The ban on prayer in public schools was joined a year later by a prohibition of school-sponsored Bible reading in the 1963 Supreme Court case Schempp v. Abington School District. On appeal from a lower court decision, the Schempp case had been combined with a similar case, Murray v. Curlett, working its way through the appeals courts by much more famous founder of American Atheists, Madalyn Murray O’Hair. At the time of the case, Pennsylvania required “at least ten verses of the Holy Bible [be] read, without comment, at the opening of each public school on each school day.” 29 The Supreme Court ruled that reading the Holy Bible was a religious exercise, and this could not be done in a public institution by public officials without violating the Establishment Clause of the First Amendment. In this decision again the Supreme Court used the Establishment Clause to limit government involvement in the free exercise of religion.
In 1968 the Supreme Court struck down an Arkansas law that prohibited the teaching of evolutionary biology (more specifically that mankind descended from other life forms) in any public school or university as unconstitutional. In Epperson v. Arkansas, the Supreme Court judged that the Arkansas line again violated the Establishment Clause of the First Amendment because the prohibition stemmed from particular religious groups’ interpretation of a passage from the Book of Genesis. The state, the decision read, “has no legitimate interest in protecting any or all religions from views distasteful to them.” 30 An atmosphere of entire religious neutrality was to be preserved.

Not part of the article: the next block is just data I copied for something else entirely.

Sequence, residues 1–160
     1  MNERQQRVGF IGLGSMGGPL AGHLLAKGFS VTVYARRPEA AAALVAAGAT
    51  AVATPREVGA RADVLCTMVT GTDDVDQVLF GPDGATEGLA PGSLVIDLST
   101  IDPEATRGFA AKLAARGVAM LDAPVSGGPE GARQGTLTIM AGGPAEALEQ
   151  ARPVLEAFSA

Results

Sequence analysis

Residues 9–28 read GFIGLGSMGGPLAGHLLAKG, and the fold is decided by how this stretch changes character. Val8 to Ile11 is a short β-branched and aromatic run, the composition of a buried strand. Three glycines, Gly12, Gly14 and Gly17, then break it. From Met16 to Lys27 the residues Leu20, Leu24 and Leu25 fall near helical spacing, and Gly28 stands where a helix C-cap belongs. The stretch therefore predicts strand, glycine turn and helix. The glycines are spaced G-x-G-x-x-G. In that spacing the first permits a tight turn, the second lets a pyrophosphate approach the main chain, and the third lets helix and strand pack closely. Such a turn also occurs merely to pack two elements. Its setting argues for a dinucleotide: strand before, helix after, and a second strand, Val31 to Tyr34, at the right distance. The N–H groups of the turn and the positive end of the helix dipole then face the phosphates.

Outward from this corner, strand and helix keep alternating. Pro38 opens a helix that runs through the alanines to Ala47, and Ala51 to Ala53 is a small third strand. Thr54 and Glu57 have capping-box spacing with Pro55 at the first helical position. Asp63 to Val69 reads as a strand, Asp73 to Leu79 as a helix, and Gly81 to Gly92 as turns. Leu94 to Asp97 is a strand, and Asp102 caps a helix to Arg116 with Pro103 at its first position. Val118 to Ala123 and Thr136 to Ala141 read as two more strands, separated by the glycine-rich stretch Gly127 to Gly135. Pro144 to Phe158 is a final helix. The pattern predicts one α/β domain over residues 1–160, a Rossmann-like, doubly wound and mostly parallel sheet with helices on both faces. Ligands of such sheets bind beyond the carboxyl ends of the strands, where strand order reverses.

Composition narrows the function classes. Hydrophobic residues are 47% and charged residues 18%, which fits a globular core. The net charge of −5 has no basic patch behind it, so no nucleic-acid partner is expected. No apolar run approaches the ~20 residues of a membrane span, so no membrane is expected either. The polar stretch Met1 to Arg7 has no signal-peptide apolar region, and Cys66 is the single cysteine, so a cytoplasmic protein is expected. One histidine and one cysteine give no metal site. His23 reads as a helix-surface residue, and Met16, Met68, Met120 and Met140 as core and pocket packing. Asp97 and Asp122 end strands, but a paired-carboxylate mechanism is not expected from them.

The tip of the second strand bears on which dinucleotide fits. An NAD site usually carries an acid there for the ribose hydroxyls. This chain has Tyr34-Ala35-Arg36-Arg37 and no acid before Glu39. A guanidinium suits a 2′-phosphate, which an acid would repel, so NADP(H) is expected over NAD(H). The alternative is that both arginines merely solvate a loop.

The last of the five major Supreme Court decisions involving religious liberty during Justice Black’s tenure, Lemon v. Kurtzman (1971), created a manipulable three-pronged “test” for courts to determine whether a particular government action violated the First Amendment’s Establishment Clause. What came to be known as the “Lemon Test” required that all of the following conditions must be met: 1) The government action must have a secular end; 2) The government action must not have as its primary effect the furthering or obstruction of religion; and 3) The government action must not result in “excessive government entanglement” with religion. The last condition is itself nebulous and open to a wide variety of interpretations. As a result of this decision, state laws in Pennsylvania and Rhode Island that allowed private schools (mostly Catholic) to receive state reimbursement for salaries paid to teachers of non-religious material, e.g. mathematics, were declared unconstitutional because the parochial school system was “an integral part of the mission of the Catholic Church” and such reimbursement schemes thus involved “excessive entanglement”. 31
Since the retirement of Justice Hugo Black from the Supreme Court, numerous challenges have arisen to the use of religious symbols on public property (e.g. crèche scenes at Christmas time or the Ten Commandments in public courtrooms) as violations of the First Amendment’s Establishment Clause. The decisions of the court system, however, have been inconsistent with some being labelled unconstitutional and others acceptable. In many instances, the “Lemon Test” mentioned above has proved not to be an impartial instrument, and its future use is uncertain.
Certain more recent Supreme Court decisions such as Zelman v. Simmon-Harris (2002) and Elk Grove United School District v. Newdow (2004), which respectively recognized the constitutionality of an Ohio program of school vouchers usable at parochial schools and the phrase “under God” in the Pledge of Allegiance said daily in many public schools, seem to have tempered the judicial push to secularize American society or forbid the very name of God from being mentioned in public settings. It is too soon to say, however, whether these decisions mark the beginning of a new more tolerant trend.